# Homework Help: Deriving work-kinetic energy theorem for rotational motion

1. Aug 14, 2014

### gimak

1. The problem statement, all variables and given/known data

How to derive W=(.5*I)*((ωf^2)-(ωi^2)) from W=τ*(θ)

2. Relevant equations

The two equations seen above (big W is work; little w is rotational velocity, τ is torque, alpha=rotational acceleration).

s=r*θ a=r*(alpha) (ωf^2)-(ωo^2)=2*(alpha)*(θ) F=r*τ F=ma

3. The attempt at a solution

W=T*(θ)=(F/r)*(s/r)=(r^-2)*F*s=(r^-2)*ma*s=(r^-2)*m*(r*alpha)((ωf^2)/(2*alpha))*r
=0.5*m*ωf^2

Obviously this isn't right. What went wrong?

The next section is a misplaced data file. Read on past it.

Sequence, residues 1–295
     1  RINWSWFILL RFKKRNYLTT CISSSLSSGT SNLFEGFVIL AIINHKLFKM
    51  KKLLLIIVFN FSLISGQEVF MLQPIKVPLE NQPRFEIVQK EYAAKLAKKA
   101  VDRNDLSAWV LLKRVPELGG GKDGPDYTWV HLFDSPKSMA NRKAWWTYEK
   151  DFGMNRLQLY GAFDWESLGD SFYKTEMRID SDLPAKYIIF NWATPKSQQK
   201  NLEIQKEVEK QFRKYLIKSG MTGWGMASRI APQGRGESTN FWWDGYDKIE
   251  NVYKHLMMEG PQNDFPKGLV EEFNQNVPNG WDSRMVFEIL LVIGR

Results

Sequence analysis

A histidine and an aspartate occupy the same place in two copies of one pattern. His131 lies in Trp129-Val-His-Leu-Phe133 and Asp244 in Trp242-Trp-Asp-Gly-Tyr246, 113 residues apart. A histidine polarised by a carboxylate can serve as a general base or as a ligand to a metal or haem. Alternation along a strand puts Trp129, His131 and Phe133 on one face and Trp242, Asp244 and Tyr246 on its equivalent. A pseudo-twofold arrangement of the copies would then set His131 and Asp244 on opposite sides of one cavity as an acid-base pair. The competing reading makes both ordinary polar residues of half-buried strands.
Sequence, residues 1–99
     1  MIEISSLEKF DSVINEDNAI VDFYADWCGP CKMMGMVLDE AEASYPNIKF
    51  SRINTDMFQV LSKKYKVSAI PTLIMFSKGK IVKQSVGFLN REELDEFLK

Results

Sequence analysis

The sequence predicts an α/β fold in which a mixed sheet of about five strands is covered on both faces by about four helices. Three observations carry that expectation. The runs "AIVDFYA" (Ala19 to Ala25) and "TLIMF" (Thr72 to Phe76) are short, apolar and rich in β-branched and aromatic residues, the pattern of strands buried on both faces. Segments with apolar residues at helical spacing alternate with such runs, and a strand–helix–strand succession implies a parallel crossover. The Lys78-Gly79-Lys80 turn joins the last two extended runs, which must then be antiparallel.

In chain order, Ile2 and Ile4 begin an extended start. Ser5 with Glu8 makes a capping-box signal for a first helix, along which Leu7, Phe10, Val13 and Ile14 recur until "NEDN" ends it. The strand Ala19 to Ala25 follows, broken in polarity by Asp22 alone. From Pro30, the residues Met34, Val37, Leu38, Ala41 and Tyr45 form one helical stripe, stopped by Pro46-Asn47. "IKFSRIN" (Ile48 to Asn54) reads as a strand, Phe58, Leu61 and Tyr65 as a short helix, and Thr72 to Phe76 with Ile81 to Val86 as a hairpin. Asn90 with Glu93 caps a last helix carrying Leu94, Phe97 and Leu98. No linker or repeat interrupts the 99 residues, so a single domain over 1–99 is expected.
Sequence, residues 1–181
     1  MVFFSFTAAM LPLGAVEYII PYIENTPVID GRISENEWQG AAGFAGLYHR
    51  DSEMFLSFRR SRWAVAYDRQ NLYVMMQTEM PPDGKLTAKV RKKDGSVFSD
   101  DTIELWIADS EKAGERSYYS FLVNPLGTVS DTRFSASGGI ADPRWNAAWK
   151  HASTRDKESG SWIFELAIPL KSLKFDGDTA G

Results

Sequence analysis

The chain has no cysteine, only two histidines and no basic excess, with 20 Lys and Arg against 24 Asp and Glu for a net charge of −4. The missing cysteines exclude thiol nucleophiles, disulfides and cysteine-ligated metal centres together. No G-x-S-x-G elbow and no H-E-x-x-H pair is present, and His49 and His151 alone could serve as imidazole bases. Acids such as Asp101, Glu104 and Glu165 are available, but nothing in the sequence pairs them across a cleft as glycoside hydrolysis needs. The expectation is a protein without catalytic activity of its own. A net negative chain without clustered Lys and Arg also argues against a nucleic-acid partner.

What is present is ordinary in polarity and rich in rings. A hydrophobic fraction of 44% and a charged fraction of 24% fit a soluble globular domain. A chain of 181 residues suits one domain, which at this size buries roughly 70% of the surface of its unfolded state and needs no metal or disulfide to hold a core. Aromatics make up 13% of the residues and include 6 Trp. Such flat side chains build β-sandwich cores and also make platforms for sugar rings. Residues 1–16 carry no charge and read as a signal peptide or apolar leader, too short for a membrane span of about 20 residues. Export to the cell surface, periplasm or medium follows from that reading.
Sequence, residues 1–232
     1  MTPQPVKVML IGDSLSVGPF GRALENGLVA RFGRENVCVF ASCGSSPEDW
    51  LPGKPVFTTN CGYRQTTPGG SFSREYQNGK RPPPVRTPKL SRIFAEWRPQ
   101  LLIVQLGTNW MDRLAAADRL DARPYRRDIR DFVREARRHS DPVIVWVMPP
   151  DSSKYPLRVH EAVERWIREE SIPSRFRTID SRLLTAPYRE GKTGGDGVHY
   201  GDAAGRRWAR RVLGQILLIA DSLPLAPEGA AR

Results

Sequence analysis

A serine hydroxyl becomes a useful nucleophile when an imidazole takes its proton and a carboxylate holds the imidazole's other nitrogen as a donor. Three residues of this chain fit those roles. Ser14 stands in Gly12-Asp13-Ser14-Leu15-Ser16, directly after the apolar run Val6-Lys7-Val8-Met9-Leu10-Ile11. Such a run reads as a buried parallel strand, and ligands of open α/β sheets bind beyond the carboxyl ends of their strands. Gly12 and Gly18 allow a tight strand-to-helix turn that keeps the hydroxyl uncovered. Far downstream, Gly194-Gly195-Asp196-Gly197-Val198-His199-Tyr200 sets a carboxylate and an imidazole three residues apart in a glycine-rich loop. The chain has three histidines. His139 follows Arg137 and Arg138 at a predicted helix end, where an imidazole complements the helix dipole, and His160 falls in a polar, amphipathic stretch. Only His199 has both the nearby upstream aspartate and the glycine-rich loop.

2. Aug 14, 2014

### Born

Are you allowed to use calculus?

3. Aug 15, 2014

### ehild

[/QUOTE]

The formula in red is wrong. How is the torque defined?

ehild

4. Aug 15, 2014

### gimak

response to ehlid

How is it wrong? Force is torque times radius, is it not. Oh, I can't use scalar multiplication on this. Do I have to use the cross product: F=t x r?

5. Aug 15, 2014

### Born

Or τ = I*α = I*a/r maybe...

and you should think of your s as Δs

6. Aug 15, 2014

### ehild

It is not. Check your textbooks.

ehild

7. Aug 15, 2014

### gimak

correction

Shoot! I'm sorry!!! T=r*F. I got it backwards!!! If I plug in the right equation, the first equation will eventually turn into 0.5*m*(r^2)*(ωf^2)=I*(ωf^2).

Last edited: Aug 15, 2014